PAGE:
Tim McDonald: I have written so many introductions to news items or articles about Gabriel Knight: Sins of the Fathers – 20th Anniversary Edition that I don’t know where to begin without just rehashing them all at once.
Gabriel Knight: Sins of the Fathers – 20th Anniversary Edition is a remake of Gabriel Knight: Sins of the Fathers, a mid-90s point-and-click adventure starring an author and bookstore owner named Gabriel Knight, who gets involved in some grisly supernatural goings-on. It’s notable for being one of the darkest and most mature games to come out of the Sierra adventure stables (mature in terms of subject matter, as opposed to mature in a Leisure Suit Larry “hee hee boobs” way), and for being a really, really good adventure. It’s often mentioned as one of the better ones of that era, and as that’s the era of Quest for Glory and King’s Quest and Day of the Tentacle and Sam & Max… well, yes.
Tim: But the thing is, I’ve said all that before. In fact, I’ve played Gabriel Knight before; I’ve finished the original game multiple times over the past 20 years. As the devs were kind enough to send over two codes, I enlisted Gabriel Knight virgin Peter Parrish to come and give me a hand with this review. I’m an old hand who knows the original game backwards, and he’s someone who’s never played a Gabriel Knight title before. As such, this review of the Gabriel Knight remake will hopefully offer perspectives both from someone familiar with the series, and from someone coming in completely fresh.
So, Peter! Everyone knows my opinion on the original Gabriel Knight game, and we’ll doubtless get onto my thoughts about the remake before too long, but: what did you think of the Gabriel Knight remake?
Peter Parrish: I’m a bit worried about the connotations of being a “Gabriel Knight virgin” given the main character’s lascivious nature. Anyway, is this where I tell people about voodoo?
Tim: I was deliberately avoiding making that reference.
Peter: That wasn’t just a lame excuse to make the reference! Okay, it was a bit, but it’s also my way of saying I really could tell you about voodoo. Gabriel Knight actually taught me about it. Adventure games are the sum of several things, many of which are shared with traditional story-telling due to how much text and dialogue there tends to be. Location. Characters. Theme. Puzzle design.
Peter: This one is based in New Orleans (or ‘Norlins’ as the local drawling dialect would tend to have it) and centered around voodoo shenanigans. There’s a huge difference here between the way Gabriel Knight goes in-depth with its voodoo research and, say, the more traditional cartoonish way it’s dealt with in Monkey Island 2. The tonal intent with the latter game was obviously very different (and I do love the voodoo lady and her Juju bag) but I think it says a lot about Gabriel Knight’s more serious approach that it’s a title all about voodoo which features a voodoo doll just once. And even then, only in passing.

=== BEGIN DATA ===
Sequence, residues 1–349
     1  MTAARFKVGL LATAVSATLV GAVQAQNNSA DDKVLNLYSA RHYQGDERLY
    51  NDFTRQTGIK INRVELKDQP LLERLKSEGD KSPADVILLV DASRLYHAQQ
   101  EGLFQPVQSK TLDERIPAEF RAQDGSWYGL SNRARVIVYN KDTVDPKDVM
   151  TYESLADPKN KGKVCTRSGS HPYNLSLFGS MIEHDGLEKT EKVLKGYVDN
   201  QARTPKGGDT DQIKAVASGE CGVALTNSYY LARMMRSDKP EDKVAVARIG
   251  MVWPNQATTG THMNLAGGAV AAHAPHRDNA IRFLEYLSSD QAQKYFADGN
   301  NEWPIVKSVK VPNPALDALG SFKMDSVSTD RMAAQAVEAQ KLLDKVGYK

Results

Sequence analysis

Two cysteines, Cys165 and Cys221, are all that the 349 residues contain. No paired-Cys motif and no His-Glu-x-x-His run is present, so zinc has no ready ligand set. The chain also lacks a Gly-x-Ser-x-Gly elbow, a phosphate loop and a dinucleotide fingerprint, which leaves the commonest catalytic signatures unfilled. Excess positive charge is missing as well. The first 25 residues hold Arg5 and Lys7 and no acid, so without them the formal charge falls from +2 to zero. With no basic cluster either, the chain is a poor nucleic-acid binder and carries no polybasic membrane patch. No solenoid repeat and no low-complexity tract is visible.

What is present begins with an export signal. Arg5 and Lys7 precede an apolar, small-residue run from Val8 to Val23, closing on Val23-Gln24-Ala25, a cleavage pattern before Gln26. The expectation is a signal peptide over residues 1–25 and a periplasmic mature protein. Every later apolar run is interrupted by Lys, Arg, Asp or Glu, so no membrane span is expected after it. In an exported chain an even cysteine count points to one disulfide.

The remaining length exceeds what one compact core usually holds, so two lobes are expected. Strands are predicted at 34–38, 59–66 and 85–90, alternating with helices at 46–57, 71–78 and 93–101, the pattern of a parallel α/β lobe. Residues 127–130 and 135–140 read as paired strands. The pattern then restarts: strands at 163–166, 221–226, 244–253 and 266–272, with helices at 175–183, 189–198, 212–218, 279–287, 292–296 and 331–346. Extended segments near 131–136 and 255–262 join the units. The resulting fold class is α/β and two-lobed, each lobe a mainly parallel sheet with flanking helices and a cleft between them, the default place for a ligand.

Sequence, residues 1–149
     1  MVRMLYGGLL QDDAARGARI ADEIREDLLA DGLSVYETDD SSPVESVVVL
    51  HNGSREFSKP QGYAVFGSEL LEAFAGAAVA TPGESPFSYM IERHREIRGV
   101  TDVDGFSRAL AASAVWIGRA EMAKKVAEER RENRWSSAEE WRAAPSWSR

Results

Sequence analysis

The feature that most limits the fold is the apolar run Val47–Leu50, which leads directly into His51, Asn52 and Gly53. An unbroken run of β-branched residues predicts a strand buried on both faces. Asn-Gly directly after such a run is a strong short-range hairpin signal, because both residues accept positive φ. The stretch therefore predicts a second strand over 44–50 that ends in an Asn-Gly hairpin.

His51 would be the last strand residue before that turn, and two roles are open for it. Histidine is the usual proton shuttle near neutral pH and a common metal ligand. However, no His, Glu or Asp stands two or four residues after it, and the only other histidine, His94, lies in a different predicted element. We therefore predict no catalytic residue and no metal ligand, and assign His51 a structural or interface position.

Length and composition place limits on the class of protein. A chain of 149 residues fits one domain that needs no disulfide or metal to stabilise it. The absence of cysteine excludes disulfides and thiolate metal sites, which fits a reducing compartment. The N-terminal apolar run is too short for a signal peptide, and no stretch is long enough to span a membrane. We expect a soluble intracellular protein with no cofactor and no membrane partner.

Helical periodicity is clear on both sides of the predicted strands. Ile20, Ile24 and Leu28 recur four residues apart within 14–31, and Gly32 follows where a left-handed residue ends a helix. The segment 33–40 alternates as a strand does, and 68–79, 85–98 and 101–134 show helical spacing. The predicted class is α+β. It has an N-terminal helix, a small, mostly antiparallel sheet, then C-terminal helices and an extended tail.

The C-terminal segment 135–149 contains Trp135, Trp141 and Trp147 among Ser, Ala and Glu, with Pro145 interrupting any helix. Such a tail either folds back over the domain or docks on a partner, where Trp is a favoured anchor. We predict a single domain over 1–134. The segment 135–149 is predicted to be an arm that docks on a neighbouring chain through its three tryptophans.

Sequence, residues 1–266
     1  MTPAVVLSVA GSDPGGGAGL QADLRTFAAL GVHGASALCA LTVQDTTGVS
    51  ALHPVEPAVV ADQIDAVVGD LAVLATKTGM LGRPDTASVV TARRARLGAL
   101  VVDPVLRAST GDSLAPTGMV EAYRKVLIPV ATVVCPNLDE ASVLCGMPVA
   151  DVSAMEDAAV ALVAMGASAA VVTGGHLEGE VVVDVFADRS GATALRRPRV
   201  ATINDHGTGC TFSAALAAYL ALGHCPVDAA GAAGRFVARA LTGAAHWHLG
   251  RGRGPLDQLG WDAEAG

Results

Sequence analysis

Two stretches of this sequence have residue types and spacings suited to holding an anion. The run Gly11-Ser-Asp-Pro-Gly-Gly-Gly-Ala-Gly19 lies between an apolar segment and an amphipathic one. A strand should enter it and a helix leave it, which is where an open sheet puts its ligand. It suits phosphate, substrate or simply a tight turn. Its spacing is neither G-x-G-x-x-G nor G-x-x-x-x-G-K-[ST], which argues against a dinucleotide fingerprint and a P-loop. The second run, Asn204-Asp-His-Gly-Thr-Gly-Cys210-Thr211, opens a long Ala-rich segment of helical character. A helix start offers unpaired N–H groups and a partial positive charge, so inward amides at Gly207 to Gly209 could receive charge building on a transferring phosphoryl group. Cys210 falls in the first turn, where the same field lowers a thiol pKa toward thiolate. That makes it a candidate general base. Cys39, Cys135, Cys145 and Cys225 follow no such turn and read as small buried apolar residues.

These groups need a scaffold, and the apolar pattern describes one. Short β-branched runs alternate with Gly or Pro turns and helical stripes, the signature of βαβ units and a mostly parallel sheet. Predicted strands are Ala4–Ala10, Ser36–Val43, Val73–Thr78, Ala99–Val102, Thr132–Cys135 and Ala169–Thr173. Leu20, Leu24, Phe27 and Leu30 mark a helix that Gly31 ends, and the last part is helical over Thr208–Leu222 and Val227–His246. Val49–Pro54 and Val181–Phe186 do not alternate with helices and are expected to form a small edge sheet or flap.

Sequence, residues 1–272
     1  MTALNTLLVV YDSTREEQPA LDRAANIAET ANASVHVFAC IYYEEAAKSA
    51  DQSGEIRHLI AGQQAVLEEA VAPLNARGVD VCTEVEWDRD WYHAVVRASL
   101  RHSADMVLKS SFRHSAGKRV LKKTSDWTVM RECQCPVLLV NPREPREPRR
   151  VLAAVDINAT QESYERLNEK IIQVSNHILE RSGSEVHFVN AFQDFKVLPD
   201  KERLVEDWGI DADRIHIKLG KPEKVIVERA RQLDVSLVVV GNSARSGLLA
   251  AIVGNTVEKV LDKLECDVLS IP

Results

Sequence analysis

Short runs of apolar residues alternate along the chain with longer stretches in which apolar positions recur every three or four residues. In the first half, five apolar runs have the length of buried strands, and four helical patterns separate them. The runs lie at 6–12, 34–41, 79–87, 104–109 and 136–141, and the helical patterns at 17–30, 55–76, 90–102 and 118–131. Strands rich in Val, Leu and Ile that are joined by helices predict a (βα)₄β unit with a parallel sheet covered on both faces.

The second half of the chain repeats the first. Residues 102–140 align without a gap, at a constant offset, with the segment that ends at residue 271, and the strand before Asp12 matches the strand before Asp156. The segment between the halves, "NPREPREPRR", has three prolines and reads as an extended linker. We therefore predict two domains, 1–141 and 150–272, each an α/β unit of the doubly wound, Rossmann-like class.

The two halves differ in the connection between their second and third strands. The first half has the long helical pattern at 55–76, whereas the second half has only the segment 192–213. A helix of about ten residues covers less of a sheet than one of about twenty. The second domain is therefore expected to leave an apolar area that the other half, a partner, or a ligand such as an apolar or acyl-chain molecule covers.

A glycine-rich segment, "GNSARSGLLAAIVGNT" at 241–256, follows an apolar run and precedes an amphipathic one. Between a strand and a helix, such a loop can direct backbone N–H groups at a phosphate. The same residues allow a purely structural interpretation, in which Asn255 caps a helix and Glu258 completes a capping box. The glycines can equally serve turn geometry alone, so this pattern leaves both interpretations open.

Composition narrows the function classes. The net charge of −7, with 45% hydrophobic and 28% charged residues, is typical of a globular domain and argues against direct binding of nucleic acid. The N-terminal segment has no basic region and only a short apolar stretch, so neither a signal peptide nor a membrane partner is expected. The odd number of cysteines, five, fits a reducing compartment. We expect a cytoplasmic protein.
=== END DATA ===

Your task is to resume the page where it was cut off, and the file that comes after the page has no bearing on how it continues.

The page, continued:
There’s still stuff about spiritual possession for dramatic purposes, of course; it’s still an adventure game, not a documentary. But you actually get a fair bit of proper religious background with your supernatural investigations. I can rattle off a bit of information about the Loa, or gris-gris and feel vaguely informed. The setting and tone are really strong, and haven’t particularly dated. Other than in the sense that it’s set in the 90s so people don’t have cell phones and so on.
Actually, I quite like some of the 90s presentational vibe that’s been retained, like in the opening credits sequence (and music) that could’ve come from the televisual glut of paranormal shows around the time of The X-Files.
Tim: I’m sure there’s an argument that the prevalence of cell phones have done serious damage to adventure games set in the modern day, if only because “where has this person gone” or “I need to contact this person” puzzles and plot hooks suddenly require some more investment into why the hell you can’t just phone them.
Peter: Here’s the question which kept coming back to me while playing, though: would I have enjoyed the original just as much, or even more? From talking with you about some of the remake’s changes, I’m still not totally sure. Whenever the special features tab showed me a scene from the original in its pixel-art glory, I tended to prefer that look.
20th Anniversary Edition has plenty of terrific re-done locations (Gabriel’s shop, the voodoo museum,) but it does have issues with the 3D characters and objects rather gliding over backgrounds. And some of the animation is pretty ropey. At one point Gabriel has to kind of contort his back and lean through a table in order to show something to police detective pal Mosely.
There’s much more to say on this area, so let’s get deep into the ups and downs of remaking this adventure classic.
Tim: Again: I’ve played the original a lot, so seeing the graphics updated to a higher resolution was actually a bit of a treat. It wasn’t so much “this looks better/worse than the original”, but “ooh, so that’s what this location looks like now!” In a vague attempt to be critical, there are definitely a few areas I preferred in the original game, most of which were areas that just felt more crowded back then. I suppose drawing a few looping sprites is a lot easier than crafting a full 3D model for a bystander, though. There are also one or two areas that I think had a stronger atmosphere in the original, for better or worse; Hartridge’s office and the voodoo museum both felt a little more… cluttered, I suppose? I dunno – I think I prefer the new voodoo museum, but the old one had a sort of dusty charm to it. The same goes for the crime scene, which felt a bit more desolate in the original, but that might just be me. That’s why I had you play this too, after all.